No horses in the aisle, 1897
And poor old Gold Stick.
The streets were beautifully decorated, also the balconies of the houses, with flowers, flags & draperies of every hue.
Last week we saw how an 1897 interview with Bram Stoker ended with the interviewer, Jane Stoddart, saying, ‘No interview during this week would be complete without a reference to the Jubilee’, and Stoker dutifully gushed something about ‘the immense variety of the Queen’s dominions’. Now, 125 years later, those dominions have shrunk somewhat – from an estimated 13 million square miles/33 million square kilometres then to about 100,000 square miles/250,000 square km today, less than one per cent of the peak figure – but we still have a queen here in the UK… and a new jubilee. I’m no great royalist myself, but it seems apt, given that this is going out over the Platinum Jubilee long weekend, to look back at the events of 1897.
Queen Victoria’s Diamond Jubilee was the first of its kind, only made possible by her longevity (she was 78 at the time, and was already then the longest-reigning monarch in British history as well as the longest-living one after George III).1 In fact, the jubilee also became a celebration for that longest reign, which she had reached the previous September (but asked people to wait to celebrate). Technically the 60th anniversary of her succession was 20th June 1897, although the public events took place two days later on a special bank holiday for the occasion.
We’ve met Queen Victoria a couple of times here before, in 1865 and in 1887; below, here she is for a third, with her impressions of the jubilee day in her own words (I’ll try to leave her be after this). Victoria kept a journal from the age of 13 until only 10 days before she died in 1901 and the surviving volumes have been digitised.2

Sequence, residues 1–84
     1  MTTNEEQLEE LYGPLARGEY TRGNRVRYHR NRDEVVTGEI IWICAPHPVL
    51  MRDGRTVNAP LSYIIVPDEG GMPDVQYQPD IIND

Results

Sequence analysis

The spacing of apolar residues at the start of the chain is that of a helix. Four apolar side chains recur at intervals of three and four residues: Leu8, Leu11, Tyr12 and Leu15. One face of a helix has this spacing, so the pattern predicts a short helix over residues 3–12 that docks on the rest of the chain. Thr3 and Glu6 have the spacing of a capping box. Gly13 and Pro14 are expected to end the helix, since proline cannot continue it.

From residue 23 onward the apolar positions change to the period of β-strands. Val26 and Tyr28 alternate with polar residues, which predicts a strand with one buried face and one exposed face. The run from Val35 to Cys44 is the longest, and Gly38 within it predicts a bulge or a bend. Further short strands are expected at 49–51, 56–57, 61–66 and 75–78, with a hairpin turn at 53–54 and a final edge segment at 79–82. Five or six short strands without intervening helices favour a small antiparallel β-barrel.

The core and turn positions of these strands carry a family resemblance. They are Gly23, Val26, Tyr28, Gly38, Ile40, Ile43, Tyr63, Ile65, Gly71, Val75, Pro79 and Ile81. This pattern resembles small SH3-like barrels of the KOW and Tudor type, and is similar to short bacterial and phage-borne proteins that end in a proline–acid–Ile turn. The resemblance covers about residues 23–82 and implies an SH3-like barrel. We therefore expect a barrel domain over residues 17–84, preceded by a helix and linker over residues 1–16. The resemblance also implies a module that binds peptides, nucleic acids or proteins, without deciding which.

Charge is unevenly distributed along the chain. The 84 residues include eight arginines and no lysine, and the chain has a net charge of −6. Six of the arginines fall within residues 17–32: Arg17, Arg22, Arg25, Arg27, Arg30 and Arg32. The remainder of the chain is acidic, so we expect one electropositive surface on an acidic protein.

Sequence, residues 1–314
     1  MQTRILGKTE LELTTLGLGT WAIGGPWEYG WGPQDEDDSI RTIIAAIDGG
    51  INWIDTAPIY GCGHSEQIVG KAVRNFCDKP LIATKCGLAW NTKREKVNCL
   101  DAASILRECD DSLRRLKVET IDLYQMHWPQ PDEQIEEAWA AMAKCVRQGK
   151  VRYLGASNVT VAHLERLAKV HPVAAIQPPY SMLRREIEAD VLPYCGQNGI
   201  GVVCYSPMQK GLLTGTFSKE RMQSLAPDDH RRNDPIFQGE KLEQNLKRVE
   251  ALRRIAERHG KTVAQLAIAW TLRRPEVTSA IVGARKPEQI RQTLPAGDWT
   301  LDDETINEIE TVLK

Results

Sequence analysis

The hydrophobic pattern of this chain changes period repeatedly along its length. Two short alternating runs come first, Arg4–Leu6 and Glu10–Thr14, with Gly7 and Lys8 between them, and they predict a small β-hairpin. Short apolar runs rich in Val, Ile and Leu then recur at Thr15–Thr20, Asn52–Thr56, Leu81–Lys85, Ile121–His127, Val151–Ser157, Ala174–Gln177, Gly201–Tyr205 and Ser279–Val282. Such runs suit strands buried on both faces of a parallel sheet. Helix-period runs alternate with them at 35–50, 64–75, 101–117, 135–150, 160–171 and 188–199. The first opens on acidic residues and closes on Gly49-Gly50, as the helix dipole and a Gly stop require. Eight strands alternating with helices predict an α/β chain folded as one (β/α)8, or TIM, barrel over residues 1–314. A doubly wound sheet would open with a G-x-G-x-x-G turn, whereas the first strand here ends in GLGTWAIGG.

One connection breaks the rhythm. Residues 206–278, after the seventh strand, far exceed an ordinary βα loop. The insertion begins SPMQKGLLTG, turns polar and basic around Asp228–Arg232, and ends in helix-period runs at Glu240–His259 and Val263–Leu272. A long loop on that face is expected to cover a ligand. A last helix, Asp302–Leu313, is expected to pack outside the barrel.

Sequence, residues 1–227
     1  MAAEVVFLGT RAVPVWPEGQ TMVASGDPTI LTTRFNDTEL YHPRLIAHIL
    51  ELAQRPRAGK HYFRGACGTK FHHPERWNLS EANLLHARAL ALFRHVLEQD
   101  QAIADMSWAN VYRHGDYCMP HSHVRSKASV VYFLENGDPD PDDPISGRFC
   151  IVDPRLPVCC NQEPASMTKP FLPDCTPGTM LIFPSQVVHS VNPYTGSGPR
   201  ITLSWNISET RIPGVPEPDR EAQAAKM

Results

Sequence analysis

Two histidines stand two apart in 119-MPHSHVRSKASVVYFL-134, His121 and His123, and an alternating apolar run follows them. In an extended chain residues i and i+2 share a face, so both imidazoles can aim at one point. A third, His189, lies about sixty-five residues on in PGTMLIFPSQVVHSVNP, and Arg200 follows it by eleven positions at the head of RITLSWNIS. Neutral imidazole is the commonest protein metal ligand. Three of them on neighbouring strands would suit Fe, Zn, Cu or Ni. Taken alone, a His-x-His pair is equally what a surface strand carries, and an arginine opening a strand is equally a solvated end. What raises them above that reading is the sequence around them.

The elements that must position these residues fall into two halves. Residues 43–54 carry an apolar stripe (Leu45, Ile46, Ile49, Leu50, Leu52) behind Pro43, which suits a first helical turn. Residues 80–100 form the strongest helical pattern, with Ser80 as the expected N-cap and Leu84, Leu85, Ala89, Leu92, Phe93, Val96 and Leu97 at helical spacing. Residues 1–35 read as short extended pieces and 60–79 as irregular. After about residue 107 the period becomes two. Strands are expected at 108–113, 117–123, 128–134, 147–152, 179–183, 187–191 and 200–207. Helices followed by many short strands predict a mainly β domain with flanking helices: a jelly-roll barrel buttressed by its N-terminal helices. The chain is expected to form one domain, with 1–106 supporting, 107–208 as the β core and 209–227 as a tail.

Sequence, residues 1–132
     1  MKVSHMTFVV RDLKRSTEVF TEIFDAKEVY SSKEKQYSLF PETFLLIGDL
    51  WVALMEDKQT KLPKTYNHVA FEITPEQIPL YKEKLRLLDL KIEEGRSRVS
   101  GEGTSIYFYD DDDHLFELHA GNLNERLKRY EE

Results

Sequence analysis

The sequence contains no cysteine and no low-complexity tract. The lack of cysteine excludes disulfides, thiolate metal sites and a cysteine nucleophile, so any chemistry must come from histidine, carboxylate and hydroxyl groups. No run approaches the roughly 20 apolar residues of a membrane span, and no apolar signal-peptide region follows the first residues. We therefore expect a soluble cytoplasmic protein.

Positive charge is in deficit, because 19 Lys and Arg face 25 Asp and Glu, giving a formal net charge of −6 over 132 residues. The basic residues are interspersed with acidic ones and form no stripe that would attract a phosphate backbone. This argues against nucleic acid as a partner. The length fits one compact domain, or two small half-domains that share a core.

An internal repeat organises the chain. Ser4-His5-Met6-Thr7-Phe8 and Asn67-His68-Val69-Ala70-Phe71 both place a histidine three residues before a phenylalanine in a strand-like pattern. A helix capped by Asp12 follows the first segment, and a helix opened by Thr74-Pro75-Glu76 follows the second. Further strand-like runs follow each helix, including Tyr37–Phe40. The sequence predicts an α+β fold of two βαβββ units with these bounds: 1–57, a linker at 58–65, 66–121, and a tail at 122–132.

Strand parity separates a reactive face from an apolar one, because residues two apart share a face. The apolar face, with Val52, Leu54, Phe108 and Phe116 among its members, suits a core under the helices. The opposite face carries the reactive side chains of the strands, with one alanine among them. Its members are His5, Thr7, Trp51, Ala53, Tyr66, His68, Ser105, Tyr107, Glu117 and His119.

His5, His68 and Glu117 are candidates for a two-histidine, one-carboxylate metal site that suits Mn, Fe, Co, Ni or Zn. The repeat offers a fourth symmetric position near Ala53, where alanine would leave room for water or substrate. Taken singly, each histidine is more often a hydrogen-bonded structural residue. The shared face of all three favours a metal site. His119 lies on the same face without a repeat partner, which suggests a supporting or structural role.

Plans for the celebrations began in earnest back in 1896. A letter sent in November from Schomberg Kerr McDonnell, prime minister Lord Salisbury’s principal private secretary, to Sir Arthur Bigge, the queen’s private secretary, refers to plans for the queen to visit St Paul’s Cathedral:
I fear you would find that the idea of bringing horses into the building would shock the people; why, however, should they not be taken out and H.M. drawn in procession up the aisle? It would be a magnificent spectacle, and would afford the Queen the minimum of discomfort.
In the end a compromise was reached: halfway round her three-hour procession route (see the image at the bottom of this article) Victoria’s carriage paused at the steps of St Paul’s, and she sat in it for a short open air service.
And here’s a queen’s eye view of the whole occasion…
20th June 1897
This eventful day, 1897, has opened & I pray God to help & protect me as He has hitherto done during these 60 long eventful years! … How well I remember this day 60 years ago when I was called from my bed by dear Mama to receive the news of my accession…
I, with all my family went to St. George’s Chapel, where a short, touching, service took place… This very impressive, but simple service, concluded with the National Anthem, which all joined in singing. I was much touched & overcome, especially when all my children & grandchildren, came up to me, & I kissed them, just as I did 10 years ago at Westminster Abbey… Felt rather nervous about the coming days & that all should go off well.
The 10th anniversary of the celebration of my 50 years Jubilee. — Breakfasted with my 3 daughters at the Cottage at Frogmore. A fine warm morning. — At ¼ to 12 we drove to the station to start for London… Passed through dense crowds, who gave me a most enthusiastic reception. It was like a triumphal entry… The streets were beautifully decorated, also the balconies of the houses, with flowers, flags & draperies of every hue. At Edgeware Road there were 2 more very fine arches. The streets, the windows, the roofs of the houses, were one mass of beaming faces & the cheers never ceased. On entering the Park, through the Marble Arch, the crowd was even greater, carriages were drawn up amongst the people on foot, even on the pretty little lodges, well dressed people were perched. Hyde Park Corner & Constitution Hill were densely crowded. All vied one with another to give me a heartfelt, loyal & affectionate welcome. I was deeply touched & gratified. The day had become very fine & very hot.